Copyright © 2010 Pearson Education, Inc. Effects of Exercise Aerobic (endurance) exercise: Leads to increased: Muscle capillaries Number of mitochondria Myoglobin synthesis Results in greater endurance, strength, and resistance to fatigue May convert fast glycolytic fibers into fast oxidative fibers
Copyright © 2010 Pearson Education, Inc. Effects of Resistance Exercise Resistance exercise (typically anaerobic) results in: Muscle hypertrophy (due to increase in fiber size) Increased mitochondria, myofilaments, glycogen stores, and connective tissue
Copyright © 2010 Pearson Education, Inc. The Overload Principle Forcing a muscle to work hard promotes increased muscle strength and endurance Muscles adapt to increased demands Muscles must be overloaded to produce further gains
Copyright © 2010 Pearson Education, Inc. Smooth Muscle Found in walls of most hollow organs (except heart) Usually in two layers (longitudinal and circular)
Copyright © 2010 Pearson Education, Inc. Figure 9.26 Small intestine (a) (b) Cross section of the intestine showing the smooth muscle layers (one circular and the other longitudinal) running at right angles to each other. Mucosa Longitudinal layer of smooth muscle (shows smooth muscle fibers in cross section) Circular layer of smooth muscle (shows longitudinal views of smooth muscle fibers)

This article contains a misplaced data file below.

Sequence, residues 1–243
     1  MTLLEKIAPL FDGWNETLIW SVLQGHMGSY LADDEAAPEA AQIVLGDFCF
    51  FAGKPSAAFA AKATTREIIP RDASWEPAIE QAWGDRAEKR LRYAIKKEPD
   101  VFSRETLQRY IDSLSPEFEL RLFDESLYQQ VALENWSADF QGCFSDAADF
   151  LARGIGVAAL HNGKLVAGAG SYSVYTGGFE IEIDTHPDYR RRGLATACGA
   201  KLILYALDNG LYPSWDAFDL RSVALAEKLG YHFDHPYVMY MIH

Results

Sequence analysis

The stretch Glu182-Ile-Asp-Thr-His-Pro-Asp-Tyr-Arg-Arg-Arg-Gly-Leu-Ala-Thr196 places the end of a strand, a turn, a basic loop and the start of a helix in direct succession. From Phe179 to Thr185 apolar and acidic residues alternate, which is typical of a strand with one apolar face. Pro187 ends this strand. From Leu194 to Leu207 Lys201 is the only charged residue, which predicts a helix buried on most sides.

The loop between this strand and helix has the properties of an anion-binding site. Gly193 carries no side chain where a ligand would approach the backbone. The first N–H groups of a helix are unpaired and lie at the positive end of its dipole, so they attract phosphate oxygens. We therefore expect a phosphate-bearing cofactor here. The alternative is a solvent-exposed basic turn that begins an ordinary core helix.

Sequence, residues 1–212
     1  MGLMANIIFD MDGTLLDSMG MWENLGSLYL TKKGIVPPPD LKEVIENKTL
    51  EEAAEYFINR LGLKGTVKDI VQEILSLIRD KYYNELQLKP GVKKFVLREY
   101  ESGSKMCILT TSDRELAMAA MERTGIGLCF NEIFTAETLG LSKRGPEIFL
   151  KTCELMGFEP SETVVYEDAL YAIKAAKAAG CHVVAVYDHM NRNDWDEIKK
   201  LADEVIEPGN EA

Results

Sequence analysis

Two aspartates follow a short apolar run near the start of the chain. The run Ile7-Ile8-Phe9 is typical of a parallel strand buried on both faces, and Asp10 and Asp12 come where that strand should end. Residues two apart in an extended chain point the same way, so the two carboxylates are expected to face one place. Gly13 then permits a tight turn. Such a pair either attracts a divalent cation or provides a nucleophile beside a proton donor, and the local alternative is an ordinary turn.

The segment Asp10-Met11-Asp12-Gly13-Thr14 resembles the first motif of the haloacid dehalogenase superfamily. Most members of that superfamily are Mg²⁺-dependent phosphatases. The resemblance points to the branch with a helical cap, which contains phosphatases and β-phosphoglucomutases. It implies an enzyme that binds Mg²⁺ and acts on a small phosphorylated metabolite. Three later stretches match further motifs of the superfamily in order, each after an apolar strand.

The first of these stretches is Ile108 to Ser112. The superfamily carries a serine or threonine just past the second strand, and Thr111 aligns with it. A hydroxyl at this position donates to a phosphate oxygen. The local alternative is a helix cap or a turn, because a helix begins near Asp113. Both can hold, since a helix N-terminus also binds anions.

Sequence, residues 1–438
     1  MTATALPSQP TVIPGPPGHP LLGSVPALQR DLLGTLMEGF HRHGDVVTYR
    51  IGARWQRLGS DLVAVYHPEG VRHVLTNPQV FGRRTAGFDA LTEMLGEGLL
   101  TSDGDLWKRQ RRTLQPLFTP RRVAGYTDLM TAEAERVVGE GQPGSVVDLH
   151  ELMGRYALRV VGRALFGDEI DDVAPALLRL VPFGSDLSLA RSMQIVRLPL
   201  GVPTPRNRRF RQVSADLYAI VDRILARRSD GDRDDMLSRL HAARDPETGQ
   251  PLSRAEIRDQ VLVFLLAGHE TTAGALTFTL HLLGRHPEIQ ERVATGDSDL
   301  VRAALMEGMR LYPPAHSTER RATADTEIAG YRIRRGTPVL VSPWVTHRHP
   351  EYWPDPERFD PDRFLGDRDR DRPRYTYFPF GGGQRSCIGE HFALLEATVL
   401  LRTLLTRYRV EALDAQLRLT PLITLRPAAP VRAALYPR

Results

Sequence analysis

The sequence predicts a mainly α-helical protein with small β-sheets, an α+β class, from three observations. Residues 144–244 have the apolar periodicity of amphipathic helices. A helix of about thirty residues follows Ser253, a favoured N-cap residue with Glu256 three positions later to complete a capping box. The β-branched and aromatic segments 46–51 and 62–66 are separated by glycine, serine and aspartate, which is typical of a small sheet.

Copyright © 2010 Pearson Education, Inc. Peristalsis Alternating contractions and relaxations of smooth muscle layers that mix and squeeze substances through the lumen of hollow organs Longitudinal layer contracts; organ dilates and shortens Circular layer contracts; organ constricts and elongates
Copyright © 2010 Pearson Education, Inc. Contraction of Smooth Muscle Very energy efficient (slow ATPases) Myofilaments may maintain for prolonged contractions
Copyright © 2010 Pearson Education, Inc. Special Features of Smooth Muscle Contraction Hyperplasia: Smooth muscle cells can divide and increase their numbers Example: estrogen effects on uterus at puberty and during pregnancy
Copyright © 2010 Pearson Education, Inc. Developmental Aspects With age, connective tissue increases and muscle fibers decrease By age 30, loss of muscle mass (sarcopenia) begins Regular exercise reverses sarcopenia Atherosclerosis may block distal arteries, leading to intermittent claudication and severe pain in leg muscles